Inclusive design in practice: Holy Family Primary School  

Holy Family Primary School in Cootehill, County Cavan (designed by TODD Architects) has been praised as an exemplar project when it comes to promoting inclusion within SEN education settings. Careful consideration was given to classroom layout to enhance integration across varying abilities and needs. For example, by grouping classrooms into a ‘Junior’ and ‘Senior’ wing rather than by ability, children are given a sense of progressing through the school in a way more akin to traditional learning experiences.
Works began on site in 2018 and the project was completed in June 2021 accommodating 150 pupils and over 90 staff members; a vast increase compared to the original school population of 23 pupils and three members of staff.
Flexibility within the accommodation available beyond allocated classrooms helps facilitate integration with wider external support teams and activities; for example, special consideration was given to providing areas for 1:1 activities like speech therapy, physiotherapy, music therapy and individual nursing care.
It was vital that the design positively impacted the wellbeing of pupils and teaching staff alike. Bearing in mind the additional needs of students as well as the variance of abilities, key considerations included the use of colour to promote wellness, and acoustic control, allowing for different activities across available spaces. Another consideration was air quality, which was optimised though air filtration systems and the natural ventilation, as well as the optimisation of natural light. The control of footfall to avoid overcrowding and overstimulation for those with additional needs was also considered, as well as the provision of designated quiet areas, sensory areas and social spaces. The integration of technology and healthcare equipment into the building design was another consideration, to facilitate best practice in additional needs learning support.
A sensory room including a series of bubble tubes, stimulating sensory lighting colours and materials (padded floor and wall coverings) was included to provide a safe and quiet space for pupils to take time away from the classroom, relax and mix with pupils from across the school.
Classes and areas within the school were categorised by elements seen in nature to provide an easily recognisable picture-based system that evokes positive associations with the outdoors and the environment. For example, classes were grouped into different types of birds, flowers and trees. Similarly, colour was used to differentiate the different areas within the school for pupils with limited language ability.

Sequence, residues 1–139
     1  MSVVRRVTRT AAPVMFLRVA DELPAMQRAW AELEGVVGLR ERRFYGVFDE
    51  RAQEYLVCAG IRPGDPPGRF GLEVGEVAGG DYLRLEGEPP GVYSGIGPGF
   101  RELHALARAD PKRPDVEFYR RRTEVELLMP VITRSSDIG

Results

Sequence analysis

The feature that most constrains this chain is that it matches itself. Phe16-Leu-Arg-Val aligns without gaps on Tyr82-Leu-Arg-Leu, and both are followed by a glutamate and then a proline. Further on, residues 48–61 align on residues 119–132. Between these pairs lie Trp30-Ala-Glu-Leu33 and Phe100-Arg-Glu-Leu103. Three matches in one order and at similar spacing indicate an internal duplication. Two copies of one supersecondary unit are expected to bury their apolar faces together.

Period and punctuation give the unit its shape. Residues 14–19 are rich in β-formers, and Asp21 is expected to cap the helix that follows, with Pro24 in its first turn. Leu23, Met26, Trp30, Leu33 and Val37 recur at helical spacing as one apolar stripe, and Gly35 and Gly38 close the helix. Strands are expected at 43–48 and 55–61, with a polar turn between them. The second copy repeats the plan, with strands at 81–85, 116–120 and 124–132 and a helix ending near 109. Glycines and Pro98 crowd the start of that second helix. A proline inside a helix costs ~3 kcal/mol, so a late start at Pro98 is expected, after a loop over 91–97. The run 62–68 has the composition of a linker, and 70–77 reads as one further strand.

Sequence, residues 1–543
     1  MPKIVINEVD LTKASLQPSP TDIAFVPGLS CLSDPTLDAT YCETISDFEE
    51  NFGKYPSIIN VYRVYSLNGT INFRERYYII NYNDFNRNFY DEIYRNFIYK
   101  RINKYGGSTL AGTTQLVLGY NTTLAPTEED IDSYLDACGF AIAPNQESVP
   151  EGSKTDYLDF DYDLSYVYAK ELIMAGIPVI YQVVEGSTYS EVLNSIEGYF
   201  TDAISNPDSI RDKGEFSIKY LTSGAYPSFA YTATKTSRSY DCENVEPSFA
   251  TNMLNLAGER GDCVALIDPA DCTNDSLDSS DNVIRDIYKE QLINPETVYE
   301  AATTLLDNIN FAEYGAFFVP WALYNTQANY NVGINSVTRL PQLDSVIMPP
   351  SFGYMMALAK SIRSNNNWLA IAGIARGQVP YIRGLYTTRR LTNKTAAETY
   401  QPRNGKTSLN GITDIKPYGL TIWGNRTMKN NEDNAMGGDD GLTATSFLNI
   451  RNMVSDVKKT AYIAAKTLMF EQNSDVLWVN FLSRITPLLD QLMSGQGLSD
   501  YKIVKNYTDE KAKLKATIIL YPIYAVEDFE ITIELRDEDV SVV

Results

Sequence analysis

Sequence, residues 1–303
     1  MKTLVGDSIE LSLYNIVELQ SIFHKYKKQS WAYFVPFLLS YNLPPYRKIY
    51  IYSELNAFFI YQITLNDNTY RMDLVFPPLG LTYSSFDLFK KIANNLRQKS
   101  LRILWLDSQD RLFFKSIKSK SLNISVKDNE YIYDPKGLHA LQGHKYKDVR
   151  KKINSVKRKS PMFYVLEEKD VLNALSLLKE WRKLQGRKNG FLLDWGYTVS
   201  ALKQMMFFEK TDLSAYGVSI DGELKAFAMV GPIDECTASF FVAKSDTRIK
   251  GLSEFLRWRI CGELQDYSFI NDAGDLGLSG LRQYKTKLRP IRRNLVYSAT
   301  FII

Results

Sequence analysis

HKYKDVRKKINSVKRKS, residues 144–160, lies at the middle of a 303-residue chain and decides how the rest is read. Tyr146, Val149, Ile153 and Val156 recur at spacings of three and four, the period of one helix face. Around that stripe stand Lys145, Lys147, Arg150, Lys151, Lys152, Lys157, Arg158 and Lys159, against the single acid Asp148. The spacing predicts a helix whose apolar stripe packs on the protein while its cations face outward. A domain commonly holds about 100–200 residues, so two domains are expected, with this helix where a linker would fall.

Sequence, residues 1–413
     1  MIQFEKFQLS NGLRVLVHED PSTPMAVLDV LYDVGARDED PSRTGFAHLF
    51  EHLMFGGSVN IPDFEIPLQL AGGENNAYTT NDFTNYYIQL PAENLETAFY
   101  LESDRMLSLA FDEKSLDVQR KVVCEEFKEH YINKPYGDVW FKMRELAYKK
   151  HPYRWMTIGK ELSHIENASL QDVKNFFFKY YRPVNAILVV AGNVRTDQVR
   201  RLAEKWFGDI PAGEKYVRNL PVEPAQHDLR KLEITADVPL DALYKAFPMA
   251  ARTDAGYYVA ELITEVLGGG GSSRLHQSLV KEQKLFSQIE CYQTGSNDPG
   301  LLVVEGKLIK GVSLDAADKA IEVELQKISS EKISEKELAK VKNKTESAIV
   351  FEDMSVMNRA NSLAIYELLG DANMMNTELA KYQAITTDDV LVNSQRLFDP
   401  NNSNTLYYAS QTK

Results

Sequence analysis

Externally, additional sport spaces were implemented to promote physical activity and also to support integration and inclusion with other schools. Hard and soft landscaping within the sensory garden provide breakout areas and seating spaces surrounded by greenery to encourage the use of external space and promote the physical and mental wellbeing of students and staff. A Liberty swing was included to ensure wheelchair access alongside a water feature, wind chimes and a willow tunnel to promote a sense of calmness and wellbeing. Careful consideration was given to the choice of plants to ensure they were especially stimulating to the senses (sight, touch and smell).
Integrating technology effectively to optimise learning was another key element in the design process. Careful consideration was given to the integration of Smart learning technology, interactive whiteboards and sound systems throughout the building. Additionally, hoist access through integrated fixed rail systems ensured access to all pupils alongside their peers. Hearing loop facilities were implemented within the reception area and other designated areas to ensure an enhanced experience and inclusion for those with increased hearing needs.
Careful consideration was given to ensuring the senior wing of the school successfully promotes life skills through home economics facilities, an art studio, and a library, as well as areas including integrated equipment to practice daily activities – i.e. a washing machine, dishwasher etc.
The Department of Education view this as an exemplar project in developing the technical guidance for additional needs schools for the future – acting as a ‘test-bed’ for greater ability integration, it successfully shows that children can achieve a sense of accomplishment and pride as they progress from the ‘junior’ wing to the ‘senior’ wing over time and learn daily living skills that will help them navigate life and feel included in the wider community upon completion of their education.